We are back! Welcome to Season 3 of the Cyber Security Brief podcast, recording now from home. We will be with you every fortnight going forward and we are delighted to be back to tell you all about what is happening in the world of cyber security. In this episode, Dick O’Brien and Brigid O’Gorman discuss some of the projects they have been working on while the podcast was off air - threats against the financial sector, North Korean threat actors’ activity, the WastedLocker ransomware, and an attack linked to the Palmerworm APT group are all covered.
In this week's Cyber Security Brief podcast, Brigid O'Gorman and Dick O'Brien discuss some of the biggest infosec news stories of the last week, including, new vulnerabilities in Intel chips, and the Microsoft SMB protocol, as well as the Rowhammer vulnerability being back in the headlines. As well as this, there is an intricate phishing scam targeting Russian speakers that uses a chatbot to help you hand over your information, a mysterious Vietnam-based group is releasing Trojanized hacking tools to try and hack other hackers, the chief suspect thought to be behind the Deer[.]io online marketplace is arrested, and BEC scammers make the headlines once again.
On this week’s Cyber Security Brief, we bring you a round-up of some of the biggest cyber security stories of the last 7 days. Among the topics up for discussion are the latest innovations of ransomware criminals, a data breach at a controversial facial recognition company, and an investigation by Brian Krebs into a series of cyber attacks on companies in France that led to an interesting conclusion. Also this week, a survey reveals that many government employees feel ill-prepared to cope with a cyber attack, and a judge on Shark Tank falls victim to BEC scammers.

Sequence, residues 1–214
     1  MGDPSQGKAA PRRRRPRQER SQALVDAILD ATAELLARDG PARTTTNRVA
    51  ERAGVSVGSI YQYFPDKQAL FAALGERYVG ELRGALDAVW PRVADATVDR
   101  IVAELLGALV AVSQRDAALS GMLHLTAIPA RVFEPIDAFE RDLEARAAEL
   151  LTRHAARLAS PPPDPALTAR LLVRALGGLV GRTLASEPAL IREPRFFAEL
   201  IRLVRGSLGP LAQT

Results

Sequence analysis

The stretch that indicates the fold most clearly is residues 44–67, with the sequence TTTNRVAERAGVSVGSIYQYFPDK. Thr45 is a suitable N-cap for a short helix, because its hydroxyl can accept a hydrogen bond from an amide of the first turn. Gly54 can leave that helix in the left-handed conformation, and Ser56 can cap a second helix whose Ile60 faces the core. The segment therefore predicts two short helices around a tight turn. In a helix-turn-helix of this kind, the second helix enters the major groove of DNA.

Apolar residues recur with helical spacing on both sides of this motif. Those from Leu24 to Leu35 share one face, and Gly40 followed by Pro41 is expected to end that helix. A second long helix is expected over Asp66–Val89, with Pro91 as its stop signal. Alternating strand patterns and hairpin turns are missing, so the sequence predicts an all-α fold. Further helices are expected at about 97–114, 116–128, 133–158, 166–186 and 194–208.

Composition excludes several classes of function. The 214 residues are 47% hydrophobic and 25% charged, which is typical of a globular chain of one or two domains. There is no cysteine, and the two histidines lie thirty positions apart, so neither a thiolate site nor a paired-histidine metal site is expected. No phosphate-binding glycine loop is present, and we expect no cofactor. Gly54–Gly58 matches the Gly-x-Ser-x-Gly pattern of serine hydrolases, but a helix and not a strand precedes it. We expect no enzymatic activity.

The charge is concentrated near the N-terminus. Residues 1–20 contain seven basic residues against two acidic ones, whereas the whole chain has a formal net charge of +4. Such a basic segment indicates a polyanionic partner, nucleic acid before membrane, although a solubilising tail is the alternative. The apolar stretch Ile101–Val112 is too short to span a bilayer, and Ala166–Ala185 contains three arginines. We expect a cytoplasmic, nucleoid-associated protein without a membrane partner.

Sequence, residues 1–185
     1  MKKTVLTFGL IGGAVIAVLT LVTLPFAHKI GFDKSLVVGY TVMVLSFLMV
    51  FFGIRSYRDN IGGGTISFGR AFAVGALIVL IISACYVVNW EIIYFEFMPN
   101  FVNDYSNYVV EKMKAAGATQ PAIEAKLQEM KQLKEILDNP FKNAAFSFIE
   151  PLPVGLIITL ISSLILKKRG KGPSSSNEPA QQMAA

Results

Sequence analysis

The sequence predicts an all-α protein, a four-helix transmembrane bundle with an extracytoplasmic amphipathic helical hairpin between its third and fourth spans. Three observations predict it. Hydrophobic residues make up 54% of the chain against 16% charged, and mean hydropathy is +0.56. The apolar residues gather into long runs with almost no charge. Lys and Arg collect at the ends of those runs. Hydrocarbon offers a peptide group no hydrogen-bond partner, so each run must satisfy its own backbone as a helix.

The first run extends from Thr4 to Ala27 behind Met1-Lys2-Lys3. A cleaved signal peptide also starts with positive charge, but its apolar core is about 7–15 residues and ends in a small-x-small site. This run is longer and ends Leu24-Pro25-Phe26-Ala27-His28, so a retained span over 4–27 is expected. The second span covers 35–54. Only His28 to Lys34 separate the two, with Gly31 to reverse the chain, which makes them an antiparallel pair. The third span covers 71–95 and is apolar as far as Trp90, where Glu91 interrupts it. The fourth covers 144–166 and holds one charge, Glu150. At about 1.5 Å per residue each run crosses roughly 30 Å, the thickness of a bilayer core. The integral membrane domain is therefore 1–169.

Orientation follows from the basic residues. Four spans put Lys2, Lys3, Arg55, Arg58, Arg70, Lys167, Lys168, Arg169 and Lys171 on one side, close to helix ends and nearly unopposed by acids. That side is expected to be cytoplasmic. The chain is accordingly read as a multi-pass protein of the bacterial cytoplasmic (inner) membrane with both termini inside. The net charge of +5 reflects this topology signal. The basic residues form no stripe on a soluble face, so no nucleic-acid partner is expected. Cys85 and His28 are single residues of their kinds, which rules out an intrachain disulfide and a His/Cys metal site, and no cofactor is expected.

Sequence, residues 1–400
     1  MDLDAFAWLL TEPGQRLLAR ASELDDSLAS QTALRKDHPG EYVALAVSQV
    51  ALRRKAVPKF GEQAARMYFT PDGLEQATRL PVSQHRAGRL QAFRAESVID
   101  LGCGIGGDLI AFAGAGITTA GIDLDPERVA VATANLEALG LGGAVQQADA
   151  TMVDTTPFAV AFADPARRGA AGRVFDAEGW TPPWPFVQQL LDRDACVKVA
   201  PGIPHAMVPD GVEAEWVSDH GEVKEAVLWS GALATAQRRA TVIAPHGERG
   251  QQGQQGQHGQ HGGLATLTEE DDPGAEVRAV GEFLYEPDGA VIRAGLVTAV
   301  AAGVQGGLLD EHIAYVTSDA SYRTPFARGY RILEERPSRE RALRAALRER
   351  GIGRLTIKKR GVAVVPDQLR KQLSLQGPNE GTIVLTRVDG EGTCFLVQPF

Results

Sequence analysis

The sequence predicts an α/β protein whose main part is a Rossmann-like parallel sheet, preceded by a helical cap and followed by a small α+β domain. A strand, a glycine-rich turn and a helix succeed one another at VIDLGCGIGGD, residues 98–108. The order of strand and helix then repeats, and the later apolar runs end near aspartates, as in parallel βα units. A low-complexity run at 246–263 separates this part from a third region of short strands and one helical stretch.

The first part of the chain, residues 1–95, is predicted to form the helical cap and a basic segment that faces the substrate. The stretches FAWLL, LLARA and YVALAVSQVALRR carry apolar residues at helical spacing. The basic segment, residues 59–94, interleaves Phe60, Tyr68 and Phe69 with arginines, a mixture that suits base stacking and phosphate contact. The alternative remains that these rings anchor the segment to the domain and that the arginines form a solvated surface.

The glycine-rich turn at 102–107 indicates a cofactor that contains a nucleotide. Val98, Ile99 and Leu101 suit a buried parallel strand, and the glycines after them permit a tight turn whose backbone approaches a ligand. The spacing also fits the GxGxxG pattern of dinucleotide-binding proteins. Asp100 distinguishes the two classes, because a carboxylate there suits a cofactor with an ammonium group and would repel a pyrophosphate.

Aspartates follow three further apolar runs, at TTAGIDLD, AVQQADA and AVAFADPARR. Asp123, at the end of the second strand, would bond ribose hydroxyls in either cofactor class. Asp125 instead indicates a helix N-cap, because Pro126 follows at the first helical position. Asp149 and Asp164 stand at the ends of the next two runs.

Candid Wueest and Dick O’Brien join the Cyber Security Brief from the RSA Conference in San Francisco this week. Both Candid and Dick were presenting at RSA this week – Dick on the topic of targeted ransomware, and Candid on the subject of formjacking. They fill us in on how their presentations went, the other interesting sessions they attended, what the big themes of the conference are this year, and their overall impressions of RSAC 2020.
This week’s Cyber Security Brief is part of our regular Attack Group of the Month series, though this time around it’s more like Tool of the Month, as we take a closer look at Pegasus. Pegasus is a mobile spyware that is owned and sold by Israeli company the NSO Group, which says it is a legitimate tool that it sells exclusively to law enforcement and government agencies. However, there have been many cases where Pegasus appears to have been misused and has been found on the phones of journalists, activists and government critics in some countries. Symantec engineer Alexey Kleymenov has examined Pegasus extensively, and joins Dick O’Brien to discuss the malware and its technical abilities and sophistication.